Promotions: Playing the 'Telecard' Hand
Everyone from Burger King to the Salvation Army is giving away prepaid long-distance phone cards as a business incentive. So does that mean you should, too -- or is the "telecard" just the latest promotional fad?
"It's a fad," says Don Peppers, author of Life's a Pitch, Then You Buy, "but it's also the wave of the future as an information-based premium."
Unlike letter openers, crystal bowls, and other generic premiums, telecards require customization and planning to be effective. Below, two very different organizations explain how they have used calling cards to build sales.
Uncle Dave's Kitchen, a $3-million pasta-sauce and condiment manufacturer in South Londonderry, Vt., has used prepaid phone cards as a retail promotion. Though his products were already in supermarkets and retail stores, CEO David Lyons wanted to enter the gift market. He figured an innovative premium would be just the ticket.
"There were thousands of people approaching retailers with gift baskets," says Lyons, "but at the time, nobody was doing this." Working with SmarTel, a telecard provider, Lyons spent $1,625 up front to design and produce the first batch of cards. He sent out sales representatives armed with the customized cards to give away to retail buyers.
By Father's Day, Uncle Dave's was selling gift boxes in a dozen stores. Every dad whose kid bought him an Uncle Dave's gift box of pasta sauce, ketchup, and mustard for Father's Day last year has by now heard a message from Lyons's company, because bundled in with the sauces was a telecard. Fathers in Chicago, for instance, learned that their present was purchased at Marshall Fields, where they could buy more Uncle Dave's products. When Dad dialed in for his 10 minutes of free long-distance calling time, he heard this message: "Happy Father's Day from Uncle Dave's and Marshall Fields, and thank you for shopping."
The telecard also allows marketers to electronically update their messages. Lyons did so in time for a July 4th promotion. All in all, he spent $17,625 for the cards packaged in the gift boxes.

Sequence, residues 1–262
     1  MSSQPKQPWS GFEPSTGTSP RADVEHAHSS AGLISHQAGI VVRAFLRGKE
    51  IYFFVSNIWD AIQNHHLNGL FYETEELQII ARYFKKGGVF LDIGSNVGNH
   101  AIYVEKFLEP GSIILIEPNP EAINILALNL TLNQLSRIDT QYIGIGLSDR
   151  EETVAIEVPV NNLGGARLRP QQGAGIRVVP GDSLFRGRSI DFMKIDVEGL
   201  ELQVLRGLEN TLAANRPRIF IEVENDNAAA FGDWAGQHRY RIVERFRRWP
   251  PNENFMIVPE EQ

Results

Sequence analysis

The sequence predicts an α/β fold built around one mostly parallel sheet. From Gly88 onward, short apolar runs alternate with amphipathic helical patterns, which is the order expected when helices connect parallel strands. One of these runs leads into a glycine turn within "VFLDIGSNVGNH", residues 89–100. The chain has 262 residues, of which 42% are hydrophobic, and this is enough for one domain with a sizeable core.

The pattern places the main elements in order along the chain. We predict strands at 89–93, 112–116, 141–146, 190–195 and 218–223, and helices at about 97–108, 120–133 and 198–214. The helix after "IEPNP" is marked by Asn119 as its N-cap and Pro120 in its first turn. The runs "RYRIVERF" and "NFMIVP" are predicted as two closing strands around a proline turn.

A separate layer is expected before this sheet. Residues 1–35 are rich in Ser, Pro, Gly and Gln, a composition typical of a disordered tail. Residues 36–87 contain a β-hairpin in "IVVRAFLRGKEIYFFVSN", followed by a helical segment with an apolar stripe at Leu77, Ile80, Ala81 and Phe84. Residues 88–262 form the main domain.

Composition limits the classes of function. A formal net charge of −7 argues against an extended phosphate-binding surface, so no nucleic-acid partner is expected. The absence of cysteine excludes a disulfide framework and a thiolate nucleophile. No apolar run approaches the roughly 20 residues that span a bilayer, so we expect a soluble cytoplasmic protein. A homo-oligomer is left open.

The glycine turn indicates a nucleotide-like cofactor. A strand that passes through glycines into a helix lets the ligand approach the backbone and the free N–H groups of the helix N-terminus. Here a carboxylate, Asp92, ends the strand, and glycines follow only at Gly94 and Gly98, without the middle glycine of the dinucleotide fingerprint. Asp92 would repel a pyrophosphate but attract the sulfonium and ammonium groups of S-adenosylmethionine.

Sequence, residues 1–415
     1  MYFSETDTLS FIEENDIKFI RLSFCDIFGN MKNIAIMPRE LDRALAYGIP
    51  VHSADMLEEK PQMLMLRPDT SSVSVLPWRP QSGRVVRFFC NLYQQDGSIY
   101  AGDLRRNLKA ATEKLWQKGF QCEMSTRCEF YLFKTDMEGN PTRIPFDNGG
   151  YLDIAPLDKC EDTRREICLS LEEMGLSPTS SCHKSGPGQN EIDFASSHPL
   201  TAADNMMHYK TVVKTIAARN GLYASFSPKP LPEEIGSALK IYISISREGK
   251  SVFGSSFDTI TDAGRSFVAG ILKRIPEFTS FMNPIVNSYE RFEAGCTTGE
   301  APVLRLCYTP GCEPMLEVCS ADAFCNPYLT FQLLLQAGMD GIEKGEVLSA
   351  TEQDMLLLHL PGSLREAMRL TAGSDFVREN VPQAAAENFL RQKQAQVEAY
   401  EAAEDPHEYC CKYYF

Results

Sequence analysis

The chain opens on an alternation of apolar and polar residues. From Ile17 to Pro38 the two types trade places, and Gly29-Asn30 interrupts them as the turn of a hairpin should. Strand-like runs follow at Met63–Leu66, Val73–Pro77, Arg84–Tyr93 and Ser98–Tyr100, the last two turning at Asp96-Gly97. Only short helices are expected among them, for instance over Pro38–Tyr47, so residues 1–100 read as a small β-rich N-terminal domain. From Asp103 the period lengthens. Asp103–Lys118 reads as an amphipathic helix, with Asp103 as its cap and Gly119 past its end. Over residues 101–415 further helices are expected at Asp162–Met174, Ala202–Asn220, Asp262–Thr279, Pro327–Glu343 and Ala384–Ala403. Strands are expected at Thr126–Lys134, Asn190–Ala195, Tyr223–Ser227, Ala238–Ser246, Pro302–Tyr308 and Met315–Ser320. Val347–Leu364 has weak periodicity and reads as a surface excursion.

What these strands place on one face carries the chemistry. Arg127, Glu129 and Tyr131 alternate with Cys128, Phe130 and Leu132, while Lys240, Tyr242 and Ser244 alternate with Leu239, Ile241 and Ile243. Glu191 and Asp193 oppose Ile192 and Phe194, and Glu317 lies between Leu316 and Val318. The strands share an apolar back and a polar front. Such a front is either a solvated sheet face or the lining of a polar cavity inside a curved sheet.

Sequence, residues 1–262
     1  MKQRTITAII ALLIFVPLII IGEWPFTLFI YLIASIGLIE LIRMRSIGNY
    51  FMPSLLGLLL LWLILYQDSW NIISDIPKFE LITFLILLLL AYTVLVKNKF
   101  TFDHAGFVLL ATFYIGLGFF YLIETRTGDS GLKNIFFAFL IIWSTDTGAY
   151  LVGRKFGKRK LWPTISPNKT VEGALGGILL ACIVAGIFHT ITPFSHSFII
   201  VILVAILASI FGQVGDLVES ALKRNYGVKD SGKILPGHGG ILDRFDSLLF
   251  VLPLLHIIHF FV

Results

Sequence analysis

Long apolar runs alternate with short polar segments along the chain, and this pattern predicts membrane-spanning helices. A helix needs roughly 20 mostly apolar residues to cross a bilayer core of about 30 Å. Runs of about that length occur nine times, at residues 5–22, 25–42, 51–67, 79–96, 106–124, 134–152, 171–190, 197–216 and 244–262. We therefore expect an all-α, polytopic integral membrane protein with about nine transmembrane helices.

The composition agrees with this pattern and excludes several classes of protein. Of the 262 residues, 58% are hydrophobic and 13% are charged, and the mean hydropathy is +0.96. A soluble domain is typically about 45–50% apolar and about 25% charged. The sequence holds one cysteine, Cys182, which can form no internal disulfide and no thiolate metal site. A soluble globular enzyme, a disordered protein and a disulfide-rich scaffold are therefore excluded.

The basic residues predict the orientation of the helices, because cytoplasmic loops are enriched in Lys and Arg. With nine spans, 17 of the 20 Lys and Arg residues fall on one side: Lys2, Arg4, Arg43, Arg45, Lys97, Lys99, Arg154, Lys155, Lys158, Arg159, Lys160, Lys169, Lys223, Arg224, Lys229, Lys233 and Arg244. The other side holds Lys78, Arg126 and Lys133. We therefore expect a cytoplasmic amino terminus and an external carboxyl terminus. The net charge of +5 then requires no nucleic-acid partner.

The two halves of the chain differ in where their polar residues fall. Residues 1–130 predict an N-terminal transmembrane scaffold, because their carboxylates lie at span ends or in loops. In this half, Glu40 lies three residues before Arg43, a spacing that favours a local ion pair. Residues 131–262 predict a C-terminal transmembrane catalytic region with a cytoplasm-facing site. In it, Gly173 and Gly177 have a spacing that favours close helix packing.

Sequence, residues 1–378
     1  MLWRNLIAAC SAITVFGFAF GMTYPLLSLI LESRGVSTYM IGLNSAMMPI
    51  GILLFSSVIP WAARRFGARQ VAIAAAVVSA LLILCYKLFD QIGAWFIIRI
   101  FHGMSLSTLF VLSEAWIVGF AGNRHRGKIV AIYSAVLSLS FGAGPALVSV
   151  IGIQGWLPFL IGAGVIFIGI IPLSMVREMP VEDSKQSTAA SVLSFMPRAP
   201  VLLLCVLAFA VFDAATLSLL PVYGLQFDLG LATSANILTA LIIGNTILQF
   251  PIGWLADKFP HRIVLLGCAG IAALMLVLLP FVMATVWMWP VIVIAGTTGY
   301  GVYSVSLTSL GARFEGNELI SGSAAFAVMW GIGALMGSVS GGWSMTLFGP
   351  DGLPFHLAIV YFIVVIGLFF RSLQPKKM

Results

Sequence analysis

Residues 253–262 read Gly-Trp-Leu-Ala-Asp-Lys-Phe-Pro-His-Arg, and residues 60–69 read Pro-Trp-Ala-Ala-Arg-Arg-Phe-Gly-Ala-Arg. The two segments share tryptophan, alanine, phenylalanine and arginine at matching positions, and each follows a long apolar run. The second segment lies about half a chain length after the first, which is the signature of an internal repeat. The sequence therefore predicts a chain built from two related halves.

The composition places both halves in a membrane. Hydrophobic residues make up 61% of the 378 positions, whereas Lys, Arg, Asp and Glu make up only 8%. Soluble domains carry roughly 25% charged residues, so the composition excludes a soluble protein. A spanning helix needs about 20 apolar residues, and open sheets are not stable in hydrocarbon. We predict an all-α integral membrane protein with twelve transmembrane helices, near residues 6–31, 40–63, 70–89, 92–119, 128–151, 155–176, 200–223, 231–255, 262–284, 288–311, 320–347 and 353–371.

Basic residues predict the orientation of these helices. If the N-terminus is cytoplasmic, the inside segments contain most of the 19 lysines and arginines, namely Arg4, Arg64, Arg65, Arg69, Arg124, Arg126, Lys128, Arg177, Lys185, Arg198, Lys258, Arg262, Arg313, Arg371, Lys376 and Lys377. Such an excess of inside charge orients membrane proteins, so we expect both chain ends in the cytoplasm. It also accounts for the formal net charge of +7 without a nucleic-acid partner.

When New York City- based Dodger Productions put on the Broadway show How to Succeed in Business . . . last March, it wanted to be sure to play to a packed house throughout the season. The production company spent $24,000 to design, produce, and mail its own telecard, whose prerecorded message features the star of the show, Matthew Broderick. The actor's voice prompts callers to choose from a menu of marketing messages -- including recordings from the sound track, critics' reviews, and a direct connection to the group-tickets box office -- before the recipient can use the five minutes of free calling time.
Last August a card was mailed to each of the 7,500 group-sales leaders, who sell group theater tickets, to encourage them to book tourist groups for the show. Dodger Productions packaged the card inside a brochure explaining the sales incentive: the group leaders could add 250 to 500 extra free long-distance minutes to their telecards for booking a certain number of tickets. As of late October, the promotion had brought in $284,000 in ticket revenues, says Dodger Productions' Laura Matalon. The card gives the Broadway production company the added bonus of being able to track an individual salesperson's performance by the personal-identification number used to activate the telecard.
Still, like most novelty items, sales premiums lose their luster when they start to become as common as business cards. Lyons says gift-basket sales now account for 20% of his company's revenues, and he credits the telecard incentive with opening stores' doors. But, he says, "we won't continue to use the cards, because everyone else is using them now."
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